September 17, 2019 16:45 chasepeeler@gmail.com (Chase Peeler)
I agree with pretty much everything Zeev has said. I've added a few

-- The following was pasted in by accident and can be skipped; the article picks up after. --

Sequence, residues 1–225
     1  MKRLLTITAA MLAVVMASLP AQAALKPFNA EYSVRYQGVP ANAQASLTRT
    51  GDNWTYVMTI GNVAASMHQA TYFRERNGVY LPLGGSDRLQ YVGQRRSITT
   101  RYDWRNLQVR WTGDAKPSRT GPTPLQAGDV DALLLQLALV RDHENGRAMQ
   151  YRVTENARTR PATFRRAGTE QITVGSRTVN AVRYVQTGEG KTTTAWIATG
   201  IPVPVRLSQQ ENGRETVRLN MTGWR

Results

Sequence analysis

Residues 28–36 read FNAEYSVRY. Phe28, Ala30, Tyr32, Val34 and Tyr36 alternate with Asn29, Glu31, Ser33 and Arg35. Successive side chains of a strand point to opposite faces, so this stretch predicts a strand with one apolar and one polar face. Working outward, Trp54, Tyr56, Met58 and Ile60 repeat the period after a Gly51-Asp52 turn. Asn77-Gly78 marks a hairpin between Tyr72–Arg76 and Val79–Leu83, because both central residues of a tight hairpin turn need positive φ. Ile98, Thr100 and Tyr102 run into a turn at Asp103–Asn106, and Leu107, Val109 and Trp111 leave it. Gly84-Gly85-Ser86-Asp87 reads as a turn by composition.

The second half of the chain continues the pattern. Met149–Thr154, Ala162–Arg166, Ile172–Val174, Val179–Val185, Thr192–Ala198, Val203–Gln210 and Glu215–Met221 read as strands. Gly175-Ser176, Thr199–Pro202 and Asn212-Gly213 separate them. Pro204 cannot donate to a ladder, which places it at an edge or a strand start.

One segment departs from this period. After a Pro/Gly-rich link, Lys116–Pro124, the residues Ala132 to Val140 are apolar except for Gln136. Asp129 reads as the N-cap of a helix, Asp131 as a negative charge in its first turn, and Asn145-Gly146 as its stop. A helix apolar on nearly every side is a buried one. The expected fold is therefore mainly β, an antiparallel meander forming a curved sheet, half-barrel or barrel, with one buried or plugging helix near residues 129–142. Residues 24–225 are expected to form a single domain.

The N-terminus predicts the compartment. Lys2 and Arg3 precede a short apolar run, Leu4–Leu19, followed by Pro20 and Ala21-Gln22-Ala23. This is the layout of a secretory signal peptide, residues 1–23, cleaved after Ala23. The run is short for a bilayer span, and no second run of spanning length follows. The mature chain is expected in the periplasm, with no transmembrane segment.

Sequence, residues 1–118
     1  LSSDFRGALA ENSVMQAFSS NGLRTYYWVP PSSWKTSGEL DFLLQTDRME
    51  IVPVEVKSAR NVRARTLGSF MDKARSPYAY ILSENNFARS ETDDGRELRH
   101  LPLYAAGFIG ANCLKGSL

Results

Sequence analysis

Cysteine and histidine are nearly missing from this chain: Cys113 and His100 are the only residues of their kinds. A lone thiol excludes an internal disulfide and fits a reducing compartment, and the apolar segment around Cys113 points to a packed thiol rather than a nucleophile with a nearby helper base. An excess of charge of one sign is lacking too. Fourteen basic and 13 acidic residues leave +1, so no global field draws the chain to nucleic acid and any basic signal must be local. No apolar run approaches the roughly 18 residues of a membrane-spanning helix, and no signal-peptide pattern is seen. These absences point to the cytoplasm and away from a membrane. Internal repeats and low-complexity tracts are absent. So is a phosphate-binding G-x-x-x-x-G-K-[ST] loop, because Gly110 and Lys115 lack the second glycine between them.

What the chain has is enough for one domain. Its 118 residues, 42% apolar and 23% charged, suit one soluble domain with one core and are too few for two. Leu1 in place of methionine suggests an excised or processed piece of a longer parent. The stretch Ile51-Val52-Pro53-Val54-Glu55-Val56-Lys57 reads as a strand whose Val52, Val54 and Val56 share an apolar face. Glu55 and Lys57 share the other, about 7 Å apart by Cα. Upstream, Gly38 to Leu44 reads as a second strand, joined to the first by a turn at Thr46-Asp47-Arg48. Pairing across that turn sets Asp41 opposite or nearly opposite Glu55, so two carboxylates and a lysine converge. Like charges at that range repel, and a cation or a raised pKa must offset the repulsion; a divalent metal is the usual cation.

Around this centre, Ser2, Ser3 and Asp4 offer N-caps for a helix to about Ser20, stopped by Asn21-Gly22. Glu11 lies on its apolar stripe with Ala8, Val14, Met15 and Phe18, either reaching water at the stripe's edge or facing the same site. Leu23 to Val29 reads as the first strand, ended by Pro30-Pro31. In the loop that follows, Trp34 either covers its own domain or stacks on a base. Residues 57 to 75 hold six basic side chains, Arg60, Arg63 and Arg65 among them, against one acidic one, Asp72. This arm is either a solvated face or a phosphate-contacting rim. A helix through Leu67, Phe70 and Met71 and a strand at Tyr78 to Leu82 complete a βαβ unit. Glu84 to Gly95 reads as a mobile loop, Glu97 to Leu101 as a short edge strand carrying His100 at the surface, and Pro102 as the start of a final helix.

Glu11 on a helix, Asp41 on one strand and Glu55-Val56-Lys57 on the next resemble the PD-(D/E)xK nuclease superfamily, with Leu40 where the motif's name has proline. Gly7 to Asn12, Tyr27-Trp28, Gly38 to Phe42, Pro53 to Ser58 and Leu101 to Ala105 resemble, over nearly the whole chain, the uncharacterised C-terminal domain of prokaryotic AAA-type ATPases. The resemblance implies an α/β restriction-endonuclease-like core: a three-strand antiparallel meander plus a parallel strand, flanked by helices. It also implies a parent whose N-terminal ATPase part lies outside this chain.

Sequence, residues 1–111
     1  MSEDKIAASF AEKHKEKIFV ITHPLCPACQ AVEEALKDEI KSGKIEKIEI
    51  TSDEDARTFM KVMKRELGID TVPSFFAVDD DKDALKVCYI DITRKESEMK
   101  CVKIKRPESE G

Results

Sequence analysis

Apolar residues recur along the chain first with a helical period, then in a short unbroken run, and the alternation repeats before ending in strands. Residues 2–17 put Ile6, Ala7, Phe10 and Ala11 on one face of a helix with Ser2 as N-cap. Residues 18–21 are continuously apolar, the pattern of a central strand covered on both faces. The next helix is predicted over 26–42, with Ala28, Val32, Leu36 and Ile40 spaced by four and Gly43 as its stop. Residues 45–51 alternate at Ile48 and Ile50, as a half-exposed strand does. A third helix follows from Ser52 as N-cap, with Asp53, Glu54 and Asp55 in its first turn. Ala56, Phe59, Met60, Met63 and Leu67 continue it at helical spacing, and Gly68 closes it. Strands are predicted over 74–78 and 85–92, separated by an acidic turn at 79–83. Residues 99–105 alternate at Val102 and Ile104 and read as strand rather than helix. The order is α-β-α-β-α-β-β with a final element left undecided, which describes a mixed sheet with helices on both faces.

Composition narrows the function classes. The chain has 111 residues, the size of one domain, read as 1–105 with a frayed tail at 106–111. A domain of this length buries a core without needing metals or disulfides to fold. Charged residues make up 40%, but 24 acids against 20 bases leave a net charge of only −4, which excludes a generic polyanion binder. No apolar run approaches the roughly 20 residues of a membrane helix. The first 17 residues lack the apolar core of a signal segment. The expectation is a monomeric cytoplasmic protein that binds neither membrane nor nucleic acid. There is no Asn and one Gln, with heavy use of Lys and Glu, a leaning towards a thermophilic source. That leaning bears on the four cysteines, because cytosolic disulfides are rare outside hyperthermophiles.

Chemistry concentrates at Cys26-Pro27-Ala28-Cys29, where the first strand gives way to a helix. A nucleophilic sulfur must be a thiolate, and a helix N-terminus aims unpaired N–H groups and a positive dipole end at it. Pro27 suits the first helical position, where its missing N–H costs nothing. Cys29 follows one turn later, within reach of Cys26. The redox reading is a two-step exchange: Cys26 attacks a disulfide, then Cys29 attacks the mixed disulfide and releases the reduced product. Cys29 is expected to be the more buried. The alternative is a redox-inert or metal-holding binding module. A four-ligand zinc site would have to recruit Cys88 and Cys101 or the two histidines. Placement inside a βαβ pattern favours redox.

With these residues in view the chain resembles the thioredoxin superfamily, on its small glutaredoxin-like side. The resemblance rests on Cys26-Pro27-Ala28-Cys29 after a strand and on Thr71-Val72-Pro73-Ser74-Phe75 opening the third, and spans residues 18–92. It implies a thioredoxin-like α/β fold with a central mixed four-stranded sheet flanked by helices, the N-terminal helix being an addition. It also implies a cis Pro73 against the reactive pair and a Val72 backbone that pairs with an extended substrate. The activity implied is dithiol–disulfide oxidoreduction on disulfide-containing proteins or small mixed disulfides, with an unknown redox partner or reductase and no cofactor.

additional thoughts

On Tue, Sep 17, 2019 at 11:42 AM Zeev Suraski <zeev@php.net> wrote: